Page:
The Road To Becoming A Navy SEAL Officer

Discussion in 'Naval Academy - USNA' started by GoNavy, Feb 28, 2013.

  1. GoNavy

    GoNavy Member

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    Hello everyone hope everyone is healthy and happy,

    So I have a couple questions I'm a Junior in HS now hoping I can be USNA class of 2018.

    But I want to be a Navy SEAL Officer and I have wanted to be a enlisted Navy SEAL since 7th grade and this year decided on becoming a Officer.

    I just want anyone's tips on what to do in my situation or how i can do better.

    My grades are bad because i've been stupid and didn't try, my SAT is 1860.But im taking it again.

    I'm in Army JROTC LET 3 -1 year drill team , 2 years Raider team with a Ironman award for highest PT score.Im on the Varsity Swim Team and Varsity Cross Country team.

    I applied for NASS(haven't heard back yet)

    I know I might not get in for 2018 but I will do whatever it takes to become a SEAL officer.If it takes going to NAPS , OCS , enlisting and applying to USNA again , Navy ROTC , whatever ill do it , because a long time ago i decided ill either become a Navy SEAL or die trying.

    If your thinking oh look another fanboy, thats fine but this is what I do. Every weekday i wake up at 0355 and run to the 2 miles to the gym and workout 2 hours before school.I max out the CFA in all except maybe the shuttle run.

    I don't want to bore you with my life story , but I flip 650lb tires , can do over 6ft high kicks , train myself in Capoeria ,Boxing , Muai Thai and others..I speak English , Russian , Ukrainian and Polish.I also read alot and know much history and weapons systems of the world.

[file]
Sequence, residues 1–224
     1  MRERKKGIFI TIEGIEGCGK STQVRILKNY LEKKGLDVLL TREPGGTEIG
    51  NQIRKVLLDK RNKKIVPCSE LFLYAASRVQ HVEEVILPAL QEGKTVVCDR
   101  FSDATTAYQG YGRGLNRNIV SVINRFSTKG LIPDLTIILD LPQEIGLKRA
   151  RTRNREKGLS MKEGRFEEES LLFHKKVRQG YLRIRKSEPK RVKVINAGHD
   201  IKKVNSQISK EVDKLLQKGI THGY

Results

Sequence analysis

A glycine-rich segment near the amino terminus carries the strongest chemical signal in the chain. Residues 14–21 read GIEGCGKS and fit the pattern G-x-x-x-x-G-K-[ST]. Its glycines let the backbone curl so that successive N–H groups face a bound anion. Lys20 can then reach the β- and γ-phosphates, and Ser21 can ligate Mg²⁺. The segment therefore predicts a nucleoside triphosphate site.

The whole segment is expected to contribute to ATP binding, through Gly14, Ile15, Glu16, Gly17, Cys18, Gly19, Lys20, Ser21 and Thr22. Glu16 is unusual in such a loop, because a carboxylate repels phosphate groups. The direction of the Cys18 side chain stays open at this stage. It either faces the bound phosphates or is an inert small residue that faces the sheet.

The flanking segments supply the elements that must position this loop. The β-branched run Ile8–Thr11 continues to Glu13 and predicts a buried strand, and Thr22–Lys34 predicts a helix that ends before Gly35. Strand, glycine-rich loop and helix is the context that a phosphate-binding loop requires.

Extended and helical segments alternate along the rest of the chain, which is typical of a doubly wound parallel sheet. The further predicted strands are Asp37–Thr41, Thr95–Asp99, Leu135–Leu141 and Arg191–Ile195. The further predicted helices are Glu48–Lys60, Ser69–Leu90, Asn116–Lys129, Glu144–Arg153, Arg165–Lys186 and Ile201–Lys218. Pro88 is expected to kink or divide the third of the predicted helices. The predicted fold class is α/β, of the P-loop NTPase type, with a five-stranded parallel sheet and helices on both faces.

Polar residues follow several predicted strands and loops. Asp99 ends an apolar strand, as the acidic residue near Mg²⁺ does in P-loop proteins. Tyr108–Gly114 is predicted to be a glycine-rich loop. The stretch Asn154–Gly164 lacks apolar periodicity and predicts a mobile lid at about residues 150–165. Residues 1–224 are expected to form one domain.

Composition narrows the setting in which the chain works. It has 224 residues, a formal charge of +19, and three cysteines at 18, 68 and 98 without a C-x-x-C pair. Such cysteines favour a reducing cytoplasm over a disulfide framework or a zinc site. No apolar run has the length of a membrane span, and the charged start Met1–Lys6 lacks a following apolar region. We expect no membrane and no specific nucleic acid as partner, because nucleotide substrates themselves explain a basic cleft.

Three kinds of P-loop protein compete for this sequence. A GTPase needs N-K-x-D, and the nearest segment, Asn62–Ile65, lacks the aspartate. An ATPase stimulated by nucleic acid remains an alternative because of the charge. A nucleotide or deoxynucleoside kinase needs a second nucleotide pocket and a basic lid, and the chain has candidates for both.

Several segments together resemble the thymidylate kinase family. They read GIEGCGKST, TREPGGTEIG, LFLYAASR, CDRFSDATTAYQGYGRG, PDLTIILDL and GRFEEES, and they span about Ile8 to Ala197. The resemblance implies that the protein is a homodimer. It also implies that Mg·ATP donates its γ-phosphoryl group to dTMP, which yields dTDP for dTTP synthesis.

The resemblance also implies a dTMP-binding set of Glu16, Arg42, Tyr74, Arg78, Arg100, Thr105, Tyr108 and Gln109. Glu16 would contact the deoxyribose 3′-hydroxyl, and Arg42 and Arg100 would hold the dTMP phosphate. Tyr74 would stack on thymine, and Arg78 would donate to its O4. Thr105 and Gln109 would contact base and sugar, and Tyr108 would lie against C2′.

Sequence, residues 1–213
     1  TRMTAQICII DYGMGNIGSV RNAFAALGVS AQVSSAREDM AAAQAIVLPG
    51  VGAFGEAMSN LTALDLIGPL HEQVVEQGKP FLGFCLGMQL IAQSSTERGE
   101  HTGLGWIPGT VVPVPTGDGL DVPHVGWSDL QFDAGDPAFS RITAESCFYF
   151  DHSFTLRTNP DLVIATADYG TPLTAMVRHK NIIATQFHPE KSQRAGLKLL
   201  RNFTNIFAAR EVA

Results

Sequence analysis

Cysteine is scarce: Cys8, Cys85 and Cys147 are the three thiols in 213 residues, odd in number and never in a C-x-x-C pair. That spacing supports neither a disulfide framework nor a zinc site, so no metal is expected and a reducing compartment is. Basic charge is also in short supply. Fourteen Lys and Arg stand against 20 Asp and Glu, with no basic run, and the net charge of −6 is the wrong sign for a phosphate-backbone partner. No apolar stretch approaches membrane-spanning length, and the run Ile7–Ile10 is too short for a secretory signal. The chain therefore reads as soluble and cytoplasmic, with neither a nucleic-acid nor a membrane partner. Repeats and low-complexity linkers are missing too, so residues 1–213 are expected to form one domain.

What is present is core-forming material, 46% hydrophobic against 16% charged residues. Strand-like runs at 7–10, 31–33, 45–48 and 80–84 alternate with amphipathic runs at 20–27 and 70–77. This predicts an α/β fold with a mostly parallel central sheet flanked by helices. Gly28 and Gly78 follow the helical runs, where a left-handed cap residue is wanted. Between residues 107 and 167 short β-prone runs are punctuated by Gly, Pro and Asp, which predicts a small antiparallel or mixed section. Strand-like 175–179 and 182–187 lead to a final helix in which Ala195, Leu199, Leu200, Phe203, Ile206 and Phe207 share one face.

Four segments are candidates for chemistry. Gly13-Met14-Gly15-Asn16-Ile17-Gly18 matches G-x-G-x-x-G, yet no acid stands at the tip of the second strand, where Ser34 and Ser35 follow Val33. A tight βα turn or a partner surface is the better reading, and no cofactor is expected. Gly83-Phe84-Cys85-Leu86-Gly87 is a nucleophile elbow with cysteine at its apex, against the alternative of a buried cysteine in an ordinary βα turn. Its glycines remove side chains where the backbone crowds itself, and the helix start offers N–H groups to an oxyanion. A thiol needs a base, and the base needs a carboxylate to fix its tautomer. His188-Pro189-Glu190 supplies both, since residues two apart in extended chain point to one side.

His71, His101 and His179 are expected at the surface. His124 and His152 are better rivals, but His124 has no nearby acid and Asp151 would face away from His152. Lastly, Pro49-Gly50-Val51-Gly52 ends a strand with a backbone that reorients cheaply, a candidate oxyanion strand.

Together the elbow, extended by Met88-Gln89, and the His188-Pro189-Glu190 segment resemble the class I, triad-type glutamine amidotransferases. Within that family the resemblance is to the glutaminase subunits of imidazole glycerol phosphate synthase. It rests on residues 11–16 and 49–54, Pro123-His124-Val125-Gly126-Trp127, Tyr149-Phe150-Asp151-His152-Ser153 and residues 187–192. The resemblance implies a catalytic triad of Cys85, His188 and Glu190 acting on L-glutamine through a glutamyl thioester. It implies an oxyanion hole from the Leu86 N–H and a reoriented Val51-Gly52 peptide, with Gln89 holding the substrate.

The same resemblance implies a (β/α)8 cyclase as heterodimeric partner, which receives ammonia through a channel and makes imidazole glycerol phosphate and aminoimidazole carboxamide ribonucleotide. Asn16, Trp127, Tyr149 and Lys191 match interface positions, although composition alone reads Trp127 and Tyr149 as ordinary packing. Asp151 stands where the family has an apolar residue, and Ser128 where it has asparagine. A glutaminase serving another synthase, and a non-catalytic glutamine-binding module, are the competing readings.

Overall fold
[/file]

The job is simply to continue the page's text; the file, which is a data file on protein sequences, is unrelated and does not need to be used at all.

As for leadership I have been in position of leadership and excelled.
    My mentality is never give up and get up no matter what.

    Just how do I show the Admissions who I am and what separates me from the rest,It's my fault that I didn't get my grades up and now I pay the price, I accept that.I'm working very hard to turn my academics around but how do I do I make sure I can prove myself.

    Yet no matter what happens , I will become a Navy SEAL Officer or die trying.I know who I am and what I want , just interested in your suggestions and opinions.

    Thanks for reading this , good luck to all the applicants and have a great day :thumb:
     
    Last edited by a moderator: Feb 28, 2013
  2. lukepeoples

    lukepeoples Member

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    I'm pretty good friends with a few Recon corpsman and BUD/s crossovers and what they have said is that the best thing to do is keep your goal in mind and stay focused. I'm sure there are plenty of folks that can give you a good pipeline breakdown on here. I'll just say that if you go in thinking you'll fail, it'll ruin you.